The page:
Lady Bird (2017) Written and Directed by Greta Gerwig
When Lady Bird said Sacramento is the Midwest of California, I felt that. Not because I harness the sentiment now, but I did during my teen years and all through college. It seemed to be a place where I assumed my soul would die. Lady Bird is sure of this too. She burns her angst through her mother’s ears—as soon as we get acquainted with her and learn her name, and that is also when we learn that her name is not her name. She was born Christine, but is now Lady Bird, the name she’s given to herself. And damnit, wouldn’t life be sweet if her mother (Marion, played by Laurie Metcalf) acknowledged this like she promised? Wouldn’t it be even better if she could turn the radio on and listen to music on the road home from a college tour without her mother nagging her? Why can’t the good moments turn into good days with her?
We gather all of this within the first five minutes of the 2017 protagonist titled film. There are no tricks and hidden plots. Lady Bird is genuine and true from the start—both film and character wise. So rarely do we see films like this. Limited on the pleasantries with an unlikable young female protagonist you can’t help but love. You see yourself in her, as much as you hate to admit it. We as the audience know our inner ugliness. How many of us actually roar it out after being called a monster? Or write a list of all the things our parents have spent on us so we can pay them back and never speak to them again? Not me, my mama does not play that. And if I ever did pull a Lady Bird on her, I’d surely be writing you all from a six-foot ditch. It takes a special breed to be that free. Yet, we can all identify with the need to find ourselves and wear different skins based on who we’re with. As Saoirse Ronan said during a recent interview at TIFF (Toronto International Film Festival), “One of the things Lady Bird made me aware of was that there is such a pressure to be yourself and be who you are and it has to be this solid thing that doesn’t shift, but it always does…Lady Bird’s like, ‘I’m going to say what I mean, even if I don’t mean it.’”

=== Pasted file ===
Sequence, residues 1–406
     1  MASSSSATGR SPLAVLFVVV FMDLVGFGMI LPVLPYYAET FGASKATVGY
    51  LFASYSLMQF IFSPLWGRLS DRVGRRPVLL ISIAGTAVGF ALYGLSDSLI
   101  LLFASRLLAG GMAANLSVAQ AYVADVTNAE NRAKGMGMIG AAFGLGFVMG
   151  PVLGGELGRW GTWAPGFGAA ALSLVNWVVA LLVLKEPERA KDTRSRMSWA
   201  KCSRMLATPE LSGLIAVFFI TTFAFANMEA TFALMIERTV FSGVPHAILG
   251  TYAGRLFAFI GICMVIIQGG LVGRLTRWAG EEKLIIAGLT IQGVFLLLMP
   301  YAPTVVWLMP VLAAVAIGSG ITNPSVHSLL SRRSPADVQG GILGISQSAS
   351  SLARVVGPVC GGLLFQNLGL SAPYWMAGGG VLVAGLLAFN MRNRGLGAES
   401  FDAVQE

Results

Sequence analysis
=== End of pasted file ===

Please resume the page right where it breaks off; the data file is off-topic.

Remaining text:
I do not know a more witty, smart, clear and well-paced film on girlhood than Lady Bird. The editing is so gentle and genius. Transitions feel folded into the story with such grace, you can’t locate the seams. Not one word of dialogue is wasted or unbelievable. Casting is superb. Saoirse has a magnetism to her. I’ve never been disappointed to see her in anything she stars in. This is a girl who knows her characters well and has fun diving inside of them. Timothee Chalamet stole my free time with his role in this movie. Lady Bird was my introduction to him. Believe me when I say I googled him for two weeks straight reading and watching every interview he’s ever given while simultaneously viewing his entire filmography. We are very lucky to have an actor like him in these times—and even luckier for the creative trifecta he makes up with Greta and Saoirse. This combination is stunning in 2019’s Little Women and I’m eager to see what other projects the future might bring.
Anyway, where was I? See what happens when I talk about Timothee?
Oh, yes…the other elements of the film! Every effort placed into this body of work makes Lady Bird what it is. Lighting is soft and intentional. Colors are set from an organized palette, along with the costumes. They work with the lighting and film grain to emphasize the nostalgia of 2002 (Greta wanted the entire movie to appear like photos she and her friends would have developed from disposable cameras) and the contrast between whimsical pink naivete and practical grown blue. Everything adult/serious is blue: Marion’s car and her scrubs, her husband’s shirts, Lady Bird’s uniform. While Lady Bird’s immaturity is depicted in her pink hair, cast and walls. It’s hard to say if this was intentionally placed in scenes, but harder to believe it’s not when pink reads to Marion as an insult. She questions where Lady Bird got ‘this (pink) sweater’ as she comforts her in one scene and encourages her to go for a more mature blue dress for prom when Lady Bird opts for a romantic pink gown. It’s as blatant as Hook vs. Pan and the concept of adults being pirates so void of joy, they’ve forgotten how to fly. That’s where things are driven full circle. Greta shows just how Lady Bird and her mother are alike right under your nose. You can’t help but wonder by the end, what was it that took her own whimsical pink naivete away?
Whatever the culprit was, enough whimsy remained to pass down to her daughter, a thornier rose with enough bite to ensure her own is never stolen.